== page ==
Flowing bass grooves slip in and out of syncopated rhythms. Women in hip-huggers and bathing suits, the video’s requisite “hoes,” gyrate to the beat, slinking against the calm outline of an ever present rap superstar. We watch as the gold around his neck reflects the light, offering a contour to his exposed dark, rippling chest. So Mr. Cool J, how long have you been a pimp?
“I didn’t know I was a pimp. That’s some new news for me.”
Sure it is L.L. This coming from a guy who was sipping Cristal when Jay-Z was still using diaper wipes. What’s the phrase? Dare I say it? Bling bling, ladies and gentlemen, bling bling.
For the past 15 years L.L. Cool J has surrounded himself with beautiful women and beautiful things. Sitting at the bar however, he’s not so boisterous. After all he is a married man. He stares quietly, sipping nonchalantly from his glass, and waiting as the Raiders fall prey to another tragedy. It’s Superbowl Sunday and he’s stuck in a hotel bar. Why you ask? Because he’s got interviews to do and he can’t stray too far.
“In music you can be late,” says Cool J speaking quietly to this Hatchet reporter. “Leave when you wanna. Arrive when you wanna. In film you’ve got to be there on time.”
Cool J, born James Todd Smith, certainly knows how to arrive on time. He showed up on the rap scene in the late 1980s offering such party tunes as the Grammy winning “Mama said Knock You Out” and “Don’t Call it a Comeback.” He’s released a slew of albums since then and also dipped into quite a few films. His movie credits include roles in the films Toys, Rollerball, Deep Blue Sea and the new film Deliver Us From Eva. As Cool J says, he always expected to get into film, but he never expected to do a romance flick.
“I did think about film, but it was more movies like Enter the Dragon, or something,” he says.
Instead of playing a ninja warrior, Cool J has opted for a more subdued role. In Eva he plays a lower middle class playboy out to get the girl. This role, Cool J’s first on the front lines, does seem an unexpected turn for a rapper of such repute. This being said, the actor himself is not afraid of the gap between his role in the film and his reputation as a rapper. He thinks foes and fans alike will embrace the performance.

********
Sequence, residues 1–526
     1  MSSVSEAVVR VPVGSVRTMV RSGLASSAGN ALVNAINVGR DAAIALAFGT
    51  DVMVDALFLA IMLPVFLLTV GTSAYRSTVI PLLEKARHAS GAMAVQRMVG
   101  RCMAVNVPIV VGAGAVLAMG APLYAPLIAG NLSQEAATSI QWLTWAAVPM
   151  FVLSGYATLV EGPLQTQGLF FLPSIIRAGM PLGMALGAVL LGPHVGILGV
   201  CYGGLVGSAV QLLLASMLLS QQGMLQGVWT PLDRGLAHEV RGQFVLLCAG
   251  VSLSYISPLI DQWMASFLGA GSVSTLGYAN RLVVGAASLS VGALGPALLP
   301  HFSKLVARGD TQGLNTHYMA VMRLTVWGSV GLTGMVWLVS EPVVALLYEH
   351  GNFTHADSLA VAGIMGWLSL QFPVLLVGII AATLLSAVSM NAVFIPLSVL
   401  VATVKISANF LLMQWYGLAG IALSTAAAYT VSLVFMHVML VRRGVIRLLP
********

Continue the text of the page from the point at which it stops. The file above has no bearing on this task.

“Its just an opportunity to show people I can really stretch,” says Cool J. “People who are really familiar with my music may feel one way about this role, but people who aren’t feel it differently.”
But how much of a stretch is it? Deliver Us From Eva is clearly classified as a romantic comedy, and that genre is often demeaned for its simplicity. Cool J brushes aside such criticism saying that he’s just out to have a good time.
“Some things are fairy tales,” says Cool J. “This ain’t a documentary. Don’t judge it like it’s the Discovery Channel.”
He might have a point. Though Eva is clearly a romantic-comedy, its power may not be in content but rather in its cast. As Cool J explains it, the film’s strength is that it presents an image of black America that is often forsaken in film.
“A lot of people think that black people only really live in the ghetto,” says Cool J. “It’s not really like that. There are black people who aren’t in the ghetto and who aren’t in Beverly Hills either.”
Cool J sees it as his task and the film’s to present an image of black Americans that is not bound to stereotypes. You won’t see any fumbling comedians or streetwise ghetto folk in this movie.
“There’s a world out there full of black people that are doing OK,” says Cool J, defining his mission. “Now you’re just seeing that.”
So clearly Cool J is thinking through his role. As he explains, acting has always seemed like a natural medium for his creative impulses.
“Once you know what the character’s point of view is, you can utilize your instincts through the character to express yourself,” says Cool J. “Whether you’re a sculptor, a painter, a composer, a musician or an actor, there’s still that fine line of creativity that exists.”
Though he enjoys making films, Cool J says that he does miss the immediate gratification of an audience. As he admits, “The energy’s different. There aren’t 20,000 people on stage.”
Along performing for the camera, Cool J also finds it difficult to lose control of a project.
“For me I don’t rely on anyone in music,” he says. “For this you have to rely on other actors.”
Cool J does take pride however in the fact that, for his character, he can rely on his past experiences. Like his character, Cool J claims that he’s used to having women come to him for a little loving. So maybe he’s not a sex god, but as Cool J states, “That has been an ongoing issue in my life.”
“Well then,” I ask. “If you’re not a pimp, would you emulate your character and turn down easy sex?
“That’s a stretch.”
Finally, the truth. Bling bling, my friends, bling bling.